The new, ‘other’ Simon & Kirby Sandman (proclaiming on his first cover, “He’s Back!”) was a straight-arrow who operated in the Dream Stream with the help of his two malcontented ‘ nightmare’ henchmen Brute and Glob. This Sandman spent most of his time helping his young pal Jed who often found himself or his grandfather in troubling situations with weirdy villains or monsters. The tone of the book was odd, shifting between standard superheroics to quasi-horror to childish fantasy—much like a dream might.

The strangest moment comes in issue 5, where Jed’s Grandpa actually drowns when the Sandman comes too late, and he’s forced to live with his less-than-kind aunt and uncle. Unusual for a kid’s comic, but not if you place it into the context of fairy tales or childhood fears.

Oddly enough, this Sandman didn’t get ANY sort of backstory until Roy Thomas inserted him in Wonder Woman #300, his first contact with the rest of the DCU, when it’s revealed that he’s Dr. Garrett Sanford, who was a sleep researcher monitoring dreams at UCLA, when he gets embroiled helping the military and ends up trapped in the dream world, battling ‘monsters of the Id’. He takes on the Sandman name ‘from an old comic-book hero’ (typical Roy Thomas, First of the Fanboys). Oh yeah, and in the issue he’s got a HUGE crush on Diana, but that’s between them.

The next time we see this version is in Neil Gaiman’s seminal series, where it’s revealed that the strain of being the Sandman caused Sanford to commit suicide, and Brute and Glob has replaced him with the dead Hector Hall (formerly Silver Scarab of Infinity Inc. and E-2 Hawkman’s son) during Morpheus’ long absence from the Dreaming. How this is all dealt with sets up how Gaiman’s series eventually concludes.

And finally, the character is brought back years later in JSA #63-64, where Sand (formerly Wes Dodds’ chum) has now adopted the red-and-gold. Whew! How’s that for circular?

How can we not have a Simon & Kirby Sandman action figure, when “action” was a part of every page of their stories?

I took a “Camo-Aquaman” figure and went to town, sculpting boots and boxer briefs for the figure.  A quick sanding of the hair and re-working of a mask was also in order.  I sculpted holsters and then used vinyl for the flaps and belt.

My base is the Flash.

After cutting away his boot and ear wings, his mask had to be rebuilt with Milliput from the jagged edge of Barry’s to smooth round flaps and smaller eyeholes. He needed round glove cuffs, belt, and Captain America style pirate boot cuffs.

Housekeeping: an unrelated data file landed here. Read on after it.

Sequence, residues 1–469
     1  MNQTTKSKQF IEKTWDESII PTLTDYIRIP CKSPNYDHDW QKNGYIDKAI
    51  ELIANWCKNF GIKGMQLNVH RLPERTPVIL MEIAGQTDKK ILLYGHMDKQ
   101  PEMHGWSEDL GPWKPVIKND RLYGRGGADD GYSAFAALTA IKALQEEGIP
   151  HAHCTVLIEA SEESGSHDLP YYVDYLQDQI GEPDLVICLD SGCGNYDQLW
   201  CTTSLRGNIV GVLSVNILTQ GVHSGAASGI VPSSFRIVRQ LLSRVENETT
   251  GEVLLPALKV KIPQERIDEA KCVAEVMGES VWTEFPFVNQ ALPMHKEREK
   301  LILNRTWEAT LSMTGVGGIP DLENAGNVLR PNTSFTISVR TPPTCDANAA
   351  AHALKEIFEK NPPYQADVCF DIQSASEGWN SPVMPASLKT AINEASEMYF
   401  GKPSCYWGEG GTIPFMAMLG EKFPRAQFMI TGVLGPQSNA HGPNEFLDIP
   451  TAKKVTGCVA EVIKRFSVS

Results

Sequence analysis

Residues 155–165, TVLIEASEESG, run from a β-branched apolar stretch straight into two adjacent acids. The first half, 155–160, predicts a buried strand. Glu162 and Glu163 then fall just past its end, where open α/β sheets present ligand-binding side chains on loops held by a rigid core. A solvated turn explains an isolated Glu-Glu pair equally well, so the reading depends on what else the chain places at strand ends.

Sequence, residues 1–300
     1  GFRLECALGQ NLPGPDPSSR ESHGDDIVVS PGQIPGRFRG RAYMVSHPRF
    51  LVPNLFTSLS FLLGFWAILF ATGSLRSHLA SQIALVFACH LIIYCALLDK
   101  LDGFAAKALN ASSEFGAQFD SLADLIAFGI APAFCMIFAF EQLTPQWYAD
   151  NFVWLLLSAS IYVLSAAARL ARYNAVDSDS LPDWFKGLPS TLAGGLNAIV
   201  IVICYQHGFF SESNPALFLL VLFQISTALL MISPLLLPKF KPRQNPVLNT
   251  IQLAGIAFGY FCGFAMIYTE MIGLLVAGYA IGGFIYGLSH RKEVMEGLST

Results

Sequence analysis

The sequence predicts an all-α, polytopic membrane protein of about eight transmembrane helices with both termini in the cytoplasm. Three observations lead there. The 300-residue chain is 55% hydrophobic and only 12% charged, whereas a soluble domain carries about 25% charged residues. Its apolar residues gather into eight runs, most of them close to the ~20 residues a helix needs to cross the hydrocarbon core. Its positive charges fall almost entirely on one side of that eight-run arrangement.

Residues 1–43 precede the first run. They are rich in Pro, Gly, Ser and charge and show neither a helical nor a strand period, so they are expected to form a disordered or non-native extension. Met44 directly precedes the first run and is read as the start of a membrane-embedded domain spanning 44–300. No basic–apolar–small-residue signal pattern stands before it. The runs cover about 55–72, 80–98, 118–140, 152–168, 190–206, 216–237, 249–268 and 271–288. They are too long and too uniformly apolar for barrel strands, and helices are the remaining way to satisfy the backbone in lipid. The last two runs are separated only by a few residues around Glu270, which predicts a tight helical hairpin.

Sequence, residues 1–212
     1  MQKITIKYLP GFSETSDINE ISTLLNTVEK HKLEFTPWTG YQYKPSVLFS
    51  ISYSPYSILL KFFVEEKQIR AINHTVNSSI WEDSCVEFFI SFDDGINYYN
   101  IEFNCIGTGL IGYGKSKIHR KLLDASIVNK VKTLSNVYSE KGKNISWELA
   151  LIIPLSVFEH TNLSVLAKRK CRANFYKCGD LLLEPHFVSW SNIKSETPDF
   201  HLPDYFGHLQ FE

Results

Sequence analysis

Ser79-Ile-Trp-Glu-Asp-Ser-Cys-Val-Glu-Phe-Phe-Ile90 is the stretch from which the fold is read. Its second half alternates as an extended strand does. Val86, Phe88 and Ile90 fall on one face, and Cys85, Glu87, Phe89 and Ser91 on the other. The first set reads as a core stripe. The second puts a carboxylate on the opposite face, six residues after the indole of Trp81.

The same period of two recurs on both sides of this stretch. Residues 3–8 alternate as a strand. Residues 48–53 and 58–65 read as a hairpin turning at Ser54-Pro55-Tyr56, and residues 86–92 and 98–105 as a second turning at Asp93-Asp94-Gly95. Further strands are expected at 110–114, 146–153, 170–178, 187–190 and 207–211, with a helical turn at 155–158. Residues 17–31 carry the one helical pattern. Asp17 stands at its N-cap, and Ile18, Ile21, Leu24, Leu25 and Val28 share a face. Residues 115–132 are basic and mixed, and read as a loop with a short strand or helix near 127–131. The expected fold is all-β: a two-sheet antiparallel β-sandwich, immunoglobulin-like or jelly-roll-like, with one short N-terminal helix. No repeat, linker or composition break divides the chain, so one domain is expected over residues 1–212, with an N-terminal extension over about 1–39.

Also, to keep the chest joint, which I like, I had to accommodate the zipper (?) down the center.At first I sculpted it but it broke off. The end solution was to actually dremel a trench near the solar plexus and add a styrene strip that ends up being recessed near the joint, so he still can bend forward and back and the red stripe doesn’t change..

As a side note, I usually cut down as much as possible from the joints—shoulder balls, the back and fronts of knees and elbows—to keep articulation.

The text of those early stories referred to The Sandman as being “golden”, so I used a Tamiya gold lacquer, followed by Tamiya lavender.

After several rummages through the source material, it seemed everything about Kirby’s 70’s costume had a reflective surface, so I went with a gloss all over—using Tamiya Red and Gloss Lemon Yellow. I’m not usually a fan of too much gloss (my Gavyn Starman hurt my eyes when I did that and had to be muted) but it sees to be accurate here. Gloss paint was also a better choice for another reason—red and yellow suck to try to get an even coat, as anyone who’s done a custom with them knows. The gloss smoothes out the brushstrokes and seems to dry as a unified surface, which flat wouldn’t have. I’d probably still be putting coats on.

The black detailing was done with extra fine Sharpie marker!

There were several versions of the gold/purple costume, originally including even a cape, but I choose the one most frequently seen.

I like to think that Kirby and those who came after with the character were working with ‘dream-logic’ when it came to costume details for 70’s Sandman. Often the specific changed, even from panel to panel: cape and collar attached or not, the black detailing fills in or doesn’t, the piping down the center is there or not (and later, in Wonder Woman or Gaiman’s Sandman, is replaced with an hourglass), but I went with first appearance.


The cape took some figuring. The collar is actually separate form where the cape joins onto the costume—not at the neck, like other heroes, but at the pecs.

Eventually, I ended up using the overly flowing cape from the DCSH Superman, and the collar from a DCUC Mr. Miracle. I dremelled troughs for their insertion and were glued in place. They were then joined at the back using Milliput.

I love this character and now have a figure that matches his real adventuring days.

Mattel played it safe and went with the traditional Wes Dodds costume. The 4H sure loved their Kirby and I wish they had gone for the risky move.

Now, about that Sandy The Golden Boy figure…

Deane, we’ll never be satisfied. I’m already thinking about making a Brute and Glob to go with mine!


NEXT ON Atomic 2ON1:   A guarded secret…!

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Jack Kirby and the CrazySexyCool of a flying Porsche

It’s 1965 and Sean Connery has shown the world how to seduce Her Majesty’s Secret Service.  On this side of the pond, MARVEL COMICS decides it needs a super spy, too.

Hello Nick Fury.

Stan “The Man” Lee dusted off his old WWII icon, gave him an eye patch, and brought him in for the Cold War.  The CIA was hiring, but what does a G-Man drive?

Hello Jack Kirby

The story goes that legendary artist “King” Kirby wanted something sleek and exotic for Fury’s flying car, so his son handed him a ROAD & DRIVER with a new racing Porsche 904 (EDITOR- not the 910.  Who let HYDRA edit this thing?)

Eventually, Jack ditched the yellow.

We approve.